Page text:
2 Replies Latest reply on Jun 29, 2012 3:14 PM by 1-56THY4

    2D Constraint Solver Issues

      If SolidWorks Corp. and SolidWorks users are truly interested in fixing long standing issues with SolidWorks I think reading and understanding what's in this blog post would be beneficial: 

       

      http://www.3dcadtips.com/cheetah-creo-2d-geometric-constraint-solvers/

       

       

      Jon Banquer

      San Diego, CA

      http://cadcamtechnologyleaders.blogspot.com/

        • Re: 2D Constraint Solver Issues

          It seems to me that this CAD company has got real control over their destiny because they have complete control over some of the most critical software components used in their product:

           

          http://www.bricsys.com/common/news.jsp?item=542

           

          "The intellectual properties rights of LGS 2D and 3D were acquired from LEDAS by Bricsys in October, 2011. The software development team of Bricsys Technologies Russia, a fully owned subsidiary of Bricsys NV and led by Dr. Dmitry Ushakov, continues the development of the state-of-the-art constraint solving technology currently embedded into dozen engineering applications including Bricscad V12."

           

          My guess is that LEDAS developed the constraint solvers used in Catia.

           

           

          Jon Banquer

          San Diego, CA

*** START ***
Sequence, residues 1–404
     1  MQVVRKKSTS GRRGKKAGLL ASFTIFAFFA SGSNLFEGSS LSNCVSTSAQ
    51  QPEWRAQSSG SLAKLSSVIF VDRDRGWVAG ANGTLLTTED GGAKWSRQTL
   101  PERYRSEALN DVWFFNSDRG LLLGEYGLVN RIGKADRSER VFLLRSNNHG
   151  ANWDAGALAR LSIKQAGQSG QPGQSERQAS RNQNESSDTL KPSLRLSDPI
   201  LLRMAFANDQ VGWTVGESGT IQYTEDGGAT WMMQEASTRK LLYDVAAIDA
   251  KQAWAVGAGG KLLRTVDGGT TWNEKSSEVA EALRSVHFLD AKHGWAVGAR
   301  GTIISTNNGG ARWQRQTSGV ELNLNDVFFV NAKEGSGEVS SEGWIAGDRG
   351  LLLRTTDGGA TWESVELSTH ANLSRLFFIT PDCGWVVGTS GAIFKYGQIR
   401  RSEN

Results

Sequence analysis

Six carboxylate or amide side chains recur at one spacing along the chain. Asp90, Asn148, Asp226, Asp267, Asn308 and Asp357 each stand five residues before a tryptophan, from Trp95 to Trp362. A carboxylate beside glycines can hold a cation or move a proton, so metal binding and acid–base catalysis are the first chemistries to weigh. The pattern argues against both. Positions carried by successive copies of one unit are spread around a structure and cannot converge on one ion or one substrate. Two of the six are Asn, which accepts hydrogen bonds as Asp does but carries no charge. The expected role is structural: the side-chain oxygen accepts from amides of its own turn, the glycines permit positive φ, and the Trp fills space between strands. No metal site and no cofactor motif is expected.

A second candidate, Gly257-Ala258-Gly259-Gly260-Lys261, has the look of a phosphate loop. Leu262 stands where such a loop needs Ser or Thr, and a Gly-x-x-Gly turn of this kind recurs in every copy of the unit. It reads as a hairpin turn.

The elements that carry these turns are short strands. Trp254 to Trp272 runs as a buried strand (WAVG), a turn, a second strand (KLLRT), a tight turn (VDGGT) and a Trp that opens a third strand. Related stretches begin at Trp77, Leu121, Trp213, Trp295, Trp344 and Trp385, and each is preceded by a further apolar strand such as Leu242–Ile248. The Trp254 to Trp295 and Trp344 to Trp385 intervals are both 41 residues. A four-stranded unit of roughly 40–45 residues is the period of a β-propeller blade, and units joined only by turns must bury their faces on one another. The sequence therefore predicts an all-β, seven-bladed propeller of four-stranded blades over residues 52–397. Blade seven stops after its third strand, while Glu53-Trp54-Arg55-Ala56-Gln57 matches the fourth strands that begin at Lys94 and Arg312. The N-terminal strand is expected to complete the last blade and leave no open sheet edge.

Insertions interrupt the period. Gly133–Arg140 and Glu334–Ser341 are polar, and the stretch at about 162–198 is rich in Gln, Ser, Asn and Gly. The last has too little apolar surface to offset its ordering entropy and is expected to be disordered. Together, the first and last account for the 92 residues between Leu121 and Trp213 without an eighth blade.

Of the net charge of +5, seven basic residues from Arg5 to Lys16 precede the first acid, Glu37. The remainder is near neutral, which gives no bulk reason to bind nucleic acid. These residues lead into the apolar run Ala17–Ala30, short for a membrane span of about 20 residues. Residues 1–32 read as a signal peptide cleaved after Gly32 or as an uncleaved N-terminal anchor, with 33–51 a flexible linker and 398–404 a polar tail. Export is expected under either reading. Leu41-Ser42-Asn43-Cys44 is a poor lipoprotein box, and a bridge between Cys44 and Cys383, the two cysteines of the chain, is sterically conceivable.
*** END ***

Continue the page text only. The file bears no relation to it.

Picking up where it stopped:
http://cadcamtechnologyleaders.blogspot.com/

            • Re: 2D Constraint Solver Issues

              http://www.cloud-invent.com/Parametric-CAD/Bottleneck2.aspx

               

              History tree as the other bottleneck:

               

              "The drawback of the feature-based (in other words – history based) design technique, which is founded on regenerating a model from its history tree, is that, as more features are added, the geometry is dependent upon more and more features created earlier. This often leads to problems, if designer decides to do modifications in some features at the top of the feature hierarchy.

               

              In order to avoid these modification problems, users of a history-based application have to plan carefully the design, defining ahead of time which major elements would be dependent upon other elements. But planning a long hierarchical sequence of features (if the parts to be designed are complicated enough) might be not an easy task.

               

              On the other hand, non-efficient 2D Solver (that is not able to resolve really big sketches) leaves to designer no way around but to create a lot of small features. Very often designers have to divide parts into numerous “unnatural” features, because the “natural” features have such a complicated underlying sketches, that 2D Solver is not able to solve corresponding systems of equations. As a result this leads to the history tree of the part, which is much more extended. And the whole design process becomes much trickier.

               

              These observations show that when it comes the time to do some modifications in the existing feature-based models we are in front of numerous problems. But interactive modification of the model is the fundamental aspect in any design activity! Designer is constantly going forward and backwards, re-elaborating once and again some particular aspect of the model, or its general layout, or even coming back to a previous solution that had been temporarily abandoned. With feature-based CAD these modifications are tricky.

               

              The principal limitation of the parametric feature-based approach is the lack of simple instruments to modify interactively a model once it has been created."